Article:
Shadow of the Tomb Raider 4K Screenshots Gallery on Max Settings

Shadow of the Tomb Raider has just been released on the PC and is one of the most beautiful games to date. As such, we’ve decided to capture some 4K screenshots from the final version (with its day-1 patch applied) on Max settings.

In case you weren’t aware of, the game’s Highest settings do not max out the game as there are additional higher settings for Shadows, Anisotropic Filtering, Level of Detail and Screen Space Contact Shadows.

For these 4K screenshots we used our AMD Radeon RX Vega 64 and we’ve included the MSI Afterburner overlay so that you can get an idea of how the game runs in 4K on AMD’s hardware. We’ve also used DX12 as it’s better optimized than DX11.

As we can see, our AMD Radeon RX Vega 64 was able to run the game with 30fps in 4K on Max settings. Shadow of the Tomb Raider is one of the most demanding games today, so you’ll need a really high-end PC system in order to enjoy it on Max settings.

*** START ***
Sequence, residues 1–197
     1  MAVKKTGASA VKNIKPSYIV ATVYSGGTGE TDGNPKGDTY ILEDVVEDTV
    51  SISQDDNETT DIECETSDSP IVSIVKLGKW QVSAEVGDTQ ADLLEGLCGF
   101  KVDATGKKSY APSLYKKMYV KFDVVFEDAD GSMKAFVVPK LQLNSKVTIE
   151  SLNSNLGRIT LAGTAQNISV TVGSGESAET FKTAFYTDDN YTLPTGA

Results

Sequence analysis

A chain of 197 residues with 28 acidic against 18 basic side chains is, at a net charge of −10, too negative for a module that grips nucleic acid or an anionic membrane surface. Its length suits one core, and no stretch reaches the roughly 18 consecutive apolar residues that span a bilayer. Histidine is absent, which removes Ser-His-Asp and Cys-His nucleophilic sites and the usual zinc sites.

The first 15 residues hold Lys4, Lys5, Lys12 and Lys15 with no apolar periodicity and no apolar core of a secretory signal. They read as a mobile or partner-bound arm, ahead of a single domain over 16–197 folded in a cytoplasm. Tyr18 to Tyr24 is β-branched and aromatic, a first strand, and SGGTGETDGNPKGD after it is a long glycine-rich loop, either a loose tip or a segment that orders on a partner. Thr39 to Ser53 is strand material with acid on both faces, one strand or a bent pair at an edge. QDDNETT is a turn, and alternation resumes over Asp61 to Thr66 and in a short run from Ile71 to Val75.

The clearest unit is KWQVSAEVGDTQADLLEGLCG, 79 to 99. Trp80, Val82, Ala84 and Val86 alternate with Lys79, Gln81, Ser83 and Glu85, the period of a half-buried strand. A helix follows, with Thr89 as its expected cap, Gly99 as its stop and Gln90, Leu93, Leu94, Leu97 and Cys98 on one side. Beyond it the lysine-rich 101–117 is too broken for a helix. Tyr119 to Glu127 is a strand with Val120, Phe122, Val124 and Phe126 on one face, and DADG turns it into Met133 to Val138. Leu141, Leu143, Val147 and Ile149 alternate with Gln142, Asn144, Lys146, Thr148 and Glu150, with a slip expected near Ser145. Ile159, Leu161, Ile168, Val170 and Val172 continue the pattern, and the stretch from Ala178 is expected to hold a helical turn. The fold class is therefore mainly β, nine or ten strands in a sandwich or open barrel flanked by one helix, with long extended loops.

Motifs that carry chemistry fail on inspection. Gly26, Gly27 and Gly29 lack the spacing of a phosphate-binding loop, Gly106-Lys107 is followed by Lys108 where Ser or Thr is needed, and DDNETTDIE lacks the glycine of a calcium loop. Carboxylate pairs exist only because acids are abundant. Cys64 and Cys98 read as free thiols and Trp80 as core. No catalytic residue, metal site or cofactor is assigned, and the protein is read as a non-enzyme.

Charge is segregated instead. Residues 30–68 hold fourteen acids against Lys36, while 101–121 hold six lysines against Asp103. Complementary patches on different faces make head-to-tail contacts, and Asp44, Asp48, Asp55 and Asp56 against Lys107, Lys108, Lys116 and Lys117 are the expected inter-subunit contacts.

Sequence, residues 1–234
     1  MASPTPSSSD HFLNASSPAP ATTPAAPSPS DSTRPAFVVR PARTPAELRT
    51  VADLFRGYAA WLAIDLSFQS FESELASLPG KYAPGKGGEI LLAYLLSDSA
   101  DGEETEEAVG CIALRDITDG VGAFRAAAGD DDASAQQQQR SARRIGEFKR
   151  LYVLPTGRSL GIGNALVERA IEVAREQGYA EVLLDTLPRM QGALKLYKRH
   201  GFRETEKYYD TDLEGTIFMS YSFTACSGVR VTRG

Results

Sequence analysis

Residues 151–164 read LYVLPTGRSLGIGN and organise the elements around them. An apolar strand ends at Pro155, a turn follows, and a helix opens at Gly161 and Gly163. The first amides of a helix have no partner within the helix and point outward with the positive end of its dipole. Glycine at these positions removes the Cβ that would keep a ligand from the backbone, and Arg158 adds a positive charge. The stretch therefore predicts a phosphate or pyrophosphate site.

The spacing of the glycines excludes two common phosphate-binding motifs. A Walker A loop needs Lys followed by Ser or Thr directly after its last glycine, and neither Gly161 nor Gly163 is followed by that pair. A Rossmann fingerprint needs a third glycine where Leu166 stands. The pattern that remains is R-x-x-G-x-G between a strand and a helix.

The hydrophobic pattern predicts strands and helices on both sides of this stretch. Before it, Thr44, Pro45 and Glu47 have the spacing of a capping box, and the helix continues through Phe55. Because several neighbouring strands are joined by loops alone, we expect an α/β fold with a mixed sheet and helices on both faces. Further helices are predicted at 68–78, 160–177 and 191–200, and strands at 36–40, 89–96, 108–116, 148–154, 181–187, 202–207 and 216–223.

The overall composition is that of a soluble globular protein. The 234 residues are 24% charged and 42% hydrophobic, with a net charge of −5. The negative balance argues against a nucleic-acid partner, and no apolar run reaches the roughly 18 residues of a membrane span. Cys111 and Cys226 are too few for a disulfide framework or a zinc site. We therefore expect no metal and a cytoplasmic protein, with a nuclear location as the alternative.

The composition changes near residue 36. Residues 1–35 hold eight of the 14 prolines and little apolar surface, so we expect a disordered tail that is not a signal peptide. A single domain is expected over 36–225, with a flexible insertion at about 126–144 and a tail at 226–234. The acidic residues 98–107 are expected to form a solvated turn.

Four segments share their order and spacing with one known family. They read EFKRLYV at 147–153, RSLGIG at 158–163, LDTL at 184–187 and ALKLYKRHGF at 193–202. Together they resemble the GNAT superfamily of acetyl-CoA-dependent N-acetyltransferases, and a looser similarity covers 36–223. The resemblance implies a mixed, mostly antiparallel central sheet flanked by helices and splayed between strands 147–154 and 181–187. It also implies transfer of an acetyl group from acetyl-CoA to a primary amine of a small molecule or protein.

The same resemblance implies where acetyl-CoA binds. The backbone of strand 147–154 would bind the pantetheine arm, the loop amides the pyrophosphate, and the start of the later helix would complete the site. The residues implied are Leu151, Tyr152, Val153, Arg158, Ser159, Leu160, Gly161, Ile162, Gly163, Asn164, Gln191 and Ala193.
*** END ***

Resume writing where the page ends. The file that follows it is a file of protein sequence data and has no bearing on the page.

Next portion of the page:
As a side note, we’ve used SMAA as our anti-aliasing solution. However, all of the available anti-aliasing options – apart from SMAA 4X which is basically a super-sampling setting – bring additional blurriness to the image. SMAA brings a very slight blurriness whereas both TAA And SMAAT2X bring noticeable blurriness. And since we can’t use Reshade in DX12 titles, PC gamers will have to choose between “softer” visuals or clean and crisp graphics that suffer from shimmering due to aliasing.

We’ll talk more about the game’s performance in our upcoming PC Performance Analysis article so stay tuned for more!

John Papadopoulos

John is the founder and Editor in Chief at DSOGaming. He is a PC gaming fan and highly supports the modding and indie communities.Before creating DSOGaming, John worked on numerous gaming websites. While he is a die-hard PC gamer, his gaming roots can be found on consoles. John loved - and still does - the 16-bit consoles, and considers SNES to be one of the best consoles. Still, the PC platform won him over consoles. That was mainly due to 3DFX and its iconic dedicated 3D accelerator graphics card, Voodoo 2. John has also written a higher degree thesis on the "The Evolution of PC graphics cards." Contact: Email